Despite car and truck sales that motored past 16 million for the first time since 2007, recalls dominated the news for most of the year. General Motors (GM) held center stage, dealing with cascading revelations about faulty ignition switches and recalling millions of vehicles. While GM opted for something approaching full disclosure of its missteps , publishing an report into company-wide fumbles, Japanese airbag maker Tanaka chose to stonewall. It left any remedies up to its beleaguered customers, notably Honda and Toyota. They are the ones who deal with the fallout of exploding safety devices that fatally fired shrapnel throughout the passenger compartment.
On the sales front, General Motors and Ford (F) lost market share to Chrysler, which leveraged its Jeep brand to previously unimagined heights – and then, metaphorically left its heritage behind when it established legal domicile in the Netherlands and changed its name to FCA US LLC.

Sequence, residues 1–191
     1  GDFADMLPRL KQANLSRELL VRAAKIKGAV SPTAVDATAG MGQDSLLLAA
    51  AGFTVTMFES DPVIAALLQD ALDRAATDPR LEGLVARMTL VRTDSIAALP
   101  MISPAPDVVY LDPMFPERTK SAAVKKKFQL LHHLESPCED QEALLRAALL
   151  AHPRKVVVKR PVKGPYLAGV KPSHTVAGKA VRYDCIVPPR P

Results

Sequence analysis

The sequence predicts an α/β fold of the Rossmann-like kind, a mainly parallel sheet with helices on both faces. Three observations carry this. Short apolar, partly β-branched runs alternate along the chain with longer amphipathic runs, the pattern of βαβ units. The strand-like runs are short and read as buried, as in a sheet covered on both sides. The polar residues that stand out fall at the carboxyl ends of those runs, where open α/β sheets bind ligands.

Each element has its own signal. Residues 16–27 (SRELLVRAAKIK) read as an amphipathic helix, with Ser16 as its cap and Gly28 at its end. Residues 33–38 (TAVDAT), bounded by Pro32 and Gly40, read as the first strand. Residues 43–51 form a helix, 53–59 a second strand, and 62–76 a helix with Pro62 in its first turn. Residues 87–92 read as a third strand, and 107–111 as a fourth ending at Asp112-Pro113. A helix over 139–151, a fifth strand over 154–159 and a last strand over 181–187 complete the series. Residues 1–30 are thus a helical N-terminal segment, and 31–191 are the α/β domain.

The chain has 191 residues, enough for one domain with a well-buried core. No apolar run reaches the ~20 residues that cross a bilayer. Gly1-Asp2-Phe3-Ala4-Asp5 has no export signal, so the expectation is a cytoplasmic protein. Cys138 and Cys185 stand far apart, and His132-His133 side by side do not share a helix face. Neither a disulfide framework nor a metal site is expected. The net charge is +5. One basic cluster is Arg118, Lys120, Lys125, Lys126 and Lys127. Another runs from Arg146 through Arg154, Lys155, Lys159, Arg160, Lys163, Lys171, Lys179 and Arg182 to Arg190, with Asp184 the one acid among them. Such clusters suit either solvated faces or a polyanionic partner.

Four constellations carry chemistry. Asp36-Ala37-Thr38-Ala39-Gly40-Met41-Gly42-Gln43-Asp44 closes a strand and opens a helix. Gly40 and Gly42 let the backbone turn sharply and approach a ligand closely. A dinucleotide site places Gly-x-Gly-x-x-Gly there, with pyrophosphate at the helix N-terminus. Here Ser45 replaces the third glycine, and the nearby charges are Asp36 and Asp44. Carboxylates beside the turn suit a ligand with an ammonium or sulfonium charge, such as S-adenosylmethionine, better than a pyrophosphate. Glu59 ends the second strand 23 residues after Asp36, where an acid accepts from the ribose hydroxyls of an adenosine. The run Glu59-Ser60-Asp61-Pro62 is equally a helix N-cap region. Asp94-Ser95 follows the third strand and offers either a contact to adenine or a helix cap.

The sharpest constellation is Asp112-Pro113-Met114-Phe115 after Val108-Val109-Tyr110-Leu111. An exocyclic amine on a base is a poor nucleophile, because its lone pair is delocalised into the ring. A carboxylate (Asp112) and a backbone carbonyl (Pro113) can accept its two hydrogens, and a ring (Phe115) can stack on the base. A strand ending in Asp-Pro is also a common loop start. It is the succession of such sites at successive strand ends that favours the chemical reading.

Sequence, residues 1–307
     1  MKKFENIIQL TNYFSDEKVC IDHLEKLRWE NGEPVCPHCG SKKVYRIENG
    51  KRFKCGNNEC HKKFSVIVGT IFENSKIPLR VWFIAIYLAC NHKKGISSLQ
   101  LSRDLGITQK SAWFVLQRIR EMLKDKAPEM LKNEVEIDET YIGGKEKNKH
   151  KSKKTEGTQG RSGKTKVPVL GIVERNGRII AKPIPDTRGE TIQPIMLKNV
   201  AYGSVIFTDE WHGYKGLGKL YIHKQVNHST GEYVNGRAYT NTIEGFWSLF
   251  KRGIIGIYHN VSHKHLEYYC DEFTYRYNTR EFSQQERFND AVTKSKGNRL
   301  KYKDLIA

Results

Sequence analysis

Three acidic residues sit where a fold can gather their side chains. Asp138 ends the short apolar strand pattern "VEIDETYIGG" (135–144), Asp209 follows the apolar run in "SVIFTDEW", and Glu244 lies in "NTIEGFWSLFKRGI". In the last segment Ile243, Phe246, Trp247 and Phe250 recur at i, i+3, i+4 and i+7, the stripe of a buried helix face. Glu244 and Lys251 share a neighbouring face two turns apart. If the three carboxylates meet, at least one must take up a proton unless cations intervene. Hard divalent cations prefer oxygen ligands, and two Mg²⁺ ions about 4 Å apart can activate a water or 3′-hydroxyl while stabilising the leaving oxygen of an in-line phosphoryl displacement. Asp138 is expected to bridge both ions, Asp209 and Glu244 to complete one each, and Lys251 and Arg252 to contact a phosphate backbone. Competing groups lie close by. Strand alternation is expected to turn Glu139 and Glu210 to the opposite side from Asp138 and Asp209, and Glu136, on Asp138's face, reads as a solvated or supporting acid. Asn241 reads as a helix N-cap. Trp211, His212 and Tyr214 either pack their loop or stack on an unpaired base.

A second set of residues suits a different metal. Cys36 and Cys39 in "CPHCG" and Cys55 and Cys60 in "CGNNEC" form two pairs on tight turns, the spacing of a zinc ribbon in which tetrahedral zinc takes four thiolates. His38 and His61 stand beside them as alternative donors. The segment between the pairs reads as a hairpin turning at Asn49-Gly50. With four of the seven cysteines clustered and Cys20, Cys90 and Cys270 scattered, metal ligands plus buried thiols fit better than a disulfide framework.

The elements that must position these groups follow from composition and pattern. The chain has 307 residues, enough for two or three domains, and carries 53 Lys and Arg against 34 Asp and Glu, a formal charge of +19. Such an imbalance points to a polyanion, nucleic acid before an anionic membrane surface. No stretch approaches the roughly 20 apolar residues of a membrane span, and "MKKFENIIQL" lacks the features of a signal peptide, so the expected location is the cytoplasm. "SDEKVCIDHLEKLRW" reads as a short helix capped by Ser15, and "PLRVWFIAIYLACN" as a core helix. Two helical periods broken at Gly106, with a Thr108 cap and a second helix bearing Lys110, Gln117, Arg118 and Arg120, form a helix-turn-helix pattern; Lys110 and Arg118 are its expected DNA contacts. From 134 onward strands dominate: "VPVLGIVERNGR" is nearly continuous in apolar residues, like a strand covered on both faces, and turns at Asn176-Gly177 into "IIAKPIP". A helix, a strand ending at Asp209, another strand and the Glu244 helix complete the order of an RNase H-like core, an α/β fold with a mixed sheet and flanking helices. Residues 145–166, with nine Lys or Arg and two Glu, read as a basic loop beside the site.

Among the year’s biggest surprises was the plunge in gasoline pries. Economists differed on the economic impact—money in the pockets of consumers offset by declines in exploration and drilling activity—but everyone agreed that it was bearish for small cars and hybrids. The combination of cheap gas and a steep sticker price made the Cadillac ELR the runaway winner of the most disliked car of the year award. Only 155 of the Volt-based $80,000 cars found buyers in November.
So what does 2015 portend? Here are some educated guesses.
Auto sales: Car sales reach 17 million but manufacturers scramble to adjust capacity as trucks and SUVs soar in popularity. Pressure to hold down corporate fuel averages drives margins on small cars far below break-even.